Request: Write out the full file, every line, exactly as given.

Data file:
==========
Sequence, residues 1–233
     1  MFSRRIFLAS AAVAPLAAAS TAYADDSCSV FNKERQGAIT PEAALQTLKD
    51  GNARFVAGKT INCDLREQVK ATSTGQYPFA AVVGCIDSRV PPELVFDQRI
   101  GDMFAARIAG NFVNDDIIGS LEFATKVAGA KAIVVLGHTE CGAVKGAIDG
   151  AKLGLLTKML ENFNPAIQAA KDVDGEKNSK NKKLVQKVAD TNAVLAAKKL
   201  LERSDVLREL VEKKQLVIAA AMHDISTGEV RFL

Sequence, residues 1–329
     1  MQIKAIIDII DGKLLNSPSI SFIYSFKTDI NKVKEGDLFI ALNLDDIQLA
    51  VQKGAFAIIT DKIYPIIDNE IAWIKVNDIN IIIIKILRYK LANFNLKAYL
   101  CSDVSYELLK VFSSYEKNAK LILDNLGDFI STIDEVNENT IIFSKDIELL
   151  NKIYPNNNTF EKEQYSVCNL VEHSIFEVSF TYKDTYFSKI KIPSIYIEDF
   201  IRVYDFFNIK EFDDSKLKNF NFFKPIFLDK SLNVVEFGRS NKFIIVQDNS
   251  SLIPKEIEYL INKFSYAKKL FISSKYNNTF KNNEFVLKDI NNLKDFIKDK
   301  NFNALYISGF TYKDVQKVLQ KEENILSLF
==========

Sequence, residues 1–233
     1  MFSRRIFLAS AAVAPLAAAS TAYADDSCSV FNKERQGAIT PEAALQTLKD
    51  GNARFVAGKT INCDLREQVK ATSTGQYPFA AVVGCIDSRV PPELVFDQRI
   101  GDMFAARIAG NFVNDDIIGS LEFATKVAGA KAIVVLGHTE CGAVKGAIDG
   151  AKLGLLTKML ENFNPAIQAA KDVDGEKNSK NKKLVQKVAD TNAVLAAKKL
   201  LERSDVLREL VEKKQLVIAA AMHDISTGEV RFL

Sequence, residues 1–329
     1  MQIKAIIDII DGKLLNSPSI SFIYSFKTDI NKVKEGDLFI ALNLDDIQLA
    51  VQKGAFAIIT DKIYPIIDNE IAWIKVNDIN IIIIKILRYK LANFNLKAYL
   101  CSDVSYELLK VFSSYEKNAK LILDNLGDFI STIDEVNENT IIFSKDIELL
   151  NKIYPNNNTF EKEQYSVCNL VEHSIFEVSF TYKDTYFSKI KIPSIYIEDF
   201  IRVYDFFNIK EFDDSKLKNF NFFKPIFLDK SLNVVEFGRS NKFIIVQDNS
   251  SLIPKEIEYL INKFSYAKKL FISSKYNNTF KNNEFVLKDI NNLKDFIKDK
   301  NFNALYISGF TYKDVQKVLQ KEENILSLF